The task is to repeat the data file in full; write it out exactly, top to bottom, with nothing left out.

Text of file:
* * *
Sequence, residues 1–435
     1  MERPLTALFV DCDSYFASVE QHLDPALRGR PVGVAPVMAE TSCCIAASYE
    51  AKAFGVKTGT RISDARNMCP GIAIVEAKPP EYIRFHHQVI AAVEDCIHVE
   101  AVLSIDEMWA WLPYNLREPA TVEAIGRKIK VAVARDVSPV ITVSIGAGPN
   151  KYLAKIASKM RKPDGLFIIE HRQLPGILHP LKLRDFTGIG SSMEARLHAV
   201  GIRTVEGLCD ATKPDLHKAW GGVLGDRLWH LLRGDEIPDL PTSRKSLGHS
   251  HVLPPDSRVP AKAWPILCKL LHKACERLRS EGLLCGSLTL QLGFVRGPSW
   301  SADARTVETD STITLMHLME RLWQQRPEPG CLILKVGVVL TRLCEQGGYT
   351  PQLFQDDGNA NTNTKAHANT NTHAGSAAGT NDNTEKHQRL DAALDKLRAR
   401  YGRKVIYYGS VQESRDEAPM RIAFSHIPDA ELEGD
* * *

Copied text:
Sequence, residues 1–435
     1  MERPLTALFV DCDSYFASVE QHLDPALRGR PVGVAPVMAE TSCCIAASYE
    51  AKAFGVKTGT RISDARNMCP GIAIVEAKPP EYIRFHHQVI AAVEDCIHVE
   101  AVLSIDEMWA WLPYNLREPA TVEAIGRKIK VAVARDVSPV ITVSIGAGPN
   151  KYLAKIASKM RKPDGLFIIE HRQLPGILHP LKLRDFTGIG SSMEARLHAV
   201  GIRTVEGLCD ATKPDLHKAW GGVLGDRLWH LLRGDEIPDL PTSRKSLGHS
   251  HVLPPDSRVP AKAWPILCKL LHKACERLRS EGLLCGSLTL QLGFVRGPSW
   301  SADARTVETD STITLMHLME RLWQQRPEPG CLILKVGVVL TRLCEQGGYT
   351  PQLFQDDGNA NTNTKAHANT NTHAGSAAGT NDNTEKHQRL DAALDKLRAR
   401  YGRKVIYYGS VQESRDEAPM RIAFSHIPDA ELEGD